The shortcuts for using links on macOS are easy to miss. You might eventually stumble upon them somehow, but why wait until then? Discover the best macOS link shortcuts now with the tips below.
1. Open the Right-Click Menu Effortlessly
On macOS, a two-finger tap or click anywhere on the trackpad is equal to a right-click action. I get this gesture right some of the time, but usually I trigger a left-click instead.
That’s why I prefer this alternative method to access the right-click menu: Control-tapping on the trackpad. In other words, you simply combine the Control key with a left-click.
If you don’t like either of these options, you can also trigger a right-click by clicking on the bottom-left corner of the trackpad. However, this action won’t work until you designate it as the default.
To do so, first visit System Preferences > Trackpad > Point & Click. There, select the relevant setting from the dropdown menu underneath Secondary click. As you’ll see in this menu, you can also configure the right-click menu to open with a click on the bottom-right corner of the trackpad.
After you enable one of these two options, the two-finger tap/click gesture won’t work for right-clicking.
2. Open Links in Background and Foreground Tabs
When you click on a link in Safari, it opens up in the active tab and moves you away from the content you were already viewing. If you want to retain the original tab as well, why not open the link in a new background tab instead?
Sure, you can do that via the context menu option Open Link in New Tab, but here’s a quicker way: hold down the Cmd key and click on the link. (You can turn off this behavior from Safari > Preferences > Tabs.)
If you prefer to open the new link in a foreground tab instead, hold down both the Cmd and Shift keys before clicking on the link. If you like, you can swap this behavior.
Under Safari > Preferences > Tabs, select this checkbox: When a new tab or window opens, make it active. Now you can Cmd-click to open new links in the foreground tab and Cmd + Shift-click to open them in a background tab.
Here’s one more shortcut for you: Cmd + Option + Shift-click on a link to open it in a new window. Even better, all the shortcuts we’ve just listed work with links in the Favorites Bar and the Reading List Sidebar too.
3. Preview Link Content in Safari
The web is full of links with inviting—even shocking—headlines. But who has time to open all those links, as interesting as they appear? A better way to satisfy your curiosity is by previewing the content of links without opening them. Your browser will thank you for not opening yet another tab.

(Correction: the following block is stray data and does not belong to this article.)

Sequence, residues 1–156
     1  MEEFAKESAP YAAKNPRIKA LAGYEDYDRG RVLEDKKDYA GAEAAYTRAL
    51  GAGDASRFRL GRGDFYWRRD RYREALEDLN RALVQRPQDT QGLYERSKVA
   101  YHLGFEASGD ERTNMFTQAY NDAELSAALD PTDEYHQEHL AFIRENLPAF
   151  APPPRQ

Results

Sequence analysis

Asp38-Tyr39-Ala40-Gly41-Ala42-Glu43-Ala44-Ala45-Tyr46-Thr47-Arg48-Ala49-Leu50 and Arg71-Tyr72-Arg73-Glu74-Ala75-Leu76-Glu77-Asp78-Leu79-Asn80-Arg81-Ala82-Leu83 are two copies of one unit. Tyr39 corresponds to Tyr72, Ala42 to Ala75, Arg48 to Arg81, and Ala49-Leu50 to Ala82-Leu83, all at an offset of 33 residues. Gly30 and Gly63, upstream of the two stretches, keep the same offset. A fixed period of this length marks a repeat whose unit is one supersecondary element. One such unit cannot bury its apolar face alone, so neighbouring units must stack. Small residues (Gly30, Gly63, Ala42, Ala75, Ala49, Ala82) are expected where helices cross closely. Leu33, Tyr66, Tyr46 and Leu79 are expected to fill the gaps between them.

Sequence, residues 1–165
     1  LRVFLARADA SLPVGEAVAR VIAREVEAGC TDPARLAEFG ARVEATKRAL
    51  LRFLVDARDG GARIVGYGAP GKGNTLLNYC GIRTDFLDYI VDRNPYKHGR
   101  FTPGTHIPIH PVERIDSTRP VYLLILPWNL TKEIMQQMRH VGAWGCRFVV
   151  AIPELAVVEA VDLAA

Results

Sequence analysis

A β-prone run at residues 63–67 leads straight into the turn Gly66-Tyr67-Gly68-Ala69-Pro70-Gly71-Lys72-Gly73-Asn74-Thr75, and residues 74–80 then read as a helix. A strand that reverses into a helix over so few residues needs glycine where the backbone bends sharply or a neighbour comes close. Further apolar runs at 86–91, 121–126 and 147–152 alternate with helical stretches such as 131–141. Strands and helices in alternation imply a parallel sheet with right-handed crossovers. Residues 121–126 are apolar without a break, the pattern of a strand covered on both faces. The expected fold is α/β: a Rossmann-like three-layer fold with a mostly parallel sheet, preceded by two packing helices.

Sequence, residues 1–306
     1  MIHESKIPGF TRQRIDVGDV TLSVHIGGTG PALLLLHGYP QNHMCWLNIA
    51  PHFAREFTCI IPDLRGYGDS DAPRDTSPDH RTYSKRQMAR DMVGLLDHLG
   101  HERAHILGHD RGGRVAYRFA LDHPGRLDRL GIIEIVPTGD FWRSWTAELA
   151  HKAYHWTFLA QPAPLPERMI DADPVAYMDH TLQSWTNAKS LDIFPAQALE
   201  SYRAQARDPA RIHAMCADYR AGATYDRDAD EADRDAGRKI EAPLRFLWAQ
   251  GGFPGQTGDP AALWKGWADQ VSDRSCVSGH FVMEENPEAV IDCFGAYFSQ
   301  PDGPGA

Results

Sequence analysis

It’s easy to preview links in Safari; all you need is a three-finger tap on a link. That’s the data detector feature in action, which works by default. Don’t miss the Add to Reading List button at the top-right of the link preview.
You can’t see link previews if you have disabled the Look up & data detectors setting under System Preferences > Trackpad > Point & Click. The Look up bit of the setting refers to the Look Up feature. This lets you look up definitions anywhere on macOS with a three-finger tap on any word.
By the way, you can also preview link content in the Mail app. To do so, click on the tiny down arrow button that appears when you hover over a link.
4. Add Articles to Safari’s Reading List Quickly
You don’t have to move the cursor all the way up to the address bar or the menu bar to add any link to Safari’s Reading List. There’s no need to bring up the context menu for the Add Link to Reading List option, either.
Simply hold down the Shift key and click on any link to send it to your reading list in a snap. For the active webpage, Shift-clicking on its title does the job.
5. Insert Links Faster
Do you prefer to drag and drop files/folders to move them around, or to create copies of them instead of using menu options for the job? You’ll be glad to know that you can also insert links anywhere on macOS with a drag-and-drop action.
This works with many native Mac apps, including Finder, Notes, Mail, and Messages. Some third-party Mac apps also support this action.
The link will show up in different formats based on the type of app into which you’re dropping the link. For example, the link turns into a Safari shortcut if you drop it into Finder or onto the desktop. If you drag it to the Notes app, it shows up as a thumbnail attachment.
If you want to drag the link for the active webpage in Safari to any app, you can grab it by clicking on the URL in the address bar. (You don’t have to highlight the URL first.) Dragging the page title also works.
You’ll then see a plus button next to the cursor (except in some cases), indicating that your link grab was successful. You can now drop the link elsewhere. If you change your mind midway, hit the Esc key to cut off the drag action.
With this method, you can drag and drop the link for the active webpage between tabs to duplicate it, or even drop the link onto the Favorites Bar to add a bookmark.
To make it easier to drag and drop links (or any other kind of data) between apps, switch to the Split View. Not sure how to enable that view? It’s one of those simple macOS routines that you can learn in no time.
Faster Actions, Fewer Clicks
Recently, I was delighted to discover that you can duplicate tabs in Safari with this pair of shortcuts: Cmd + L and Cmd + Enter. Isn’t it satisfying to discover such tiny macOS features that promise to transform your workflow? We hope you had a few exciting moments of discovery when you read the link shortcut tips above!
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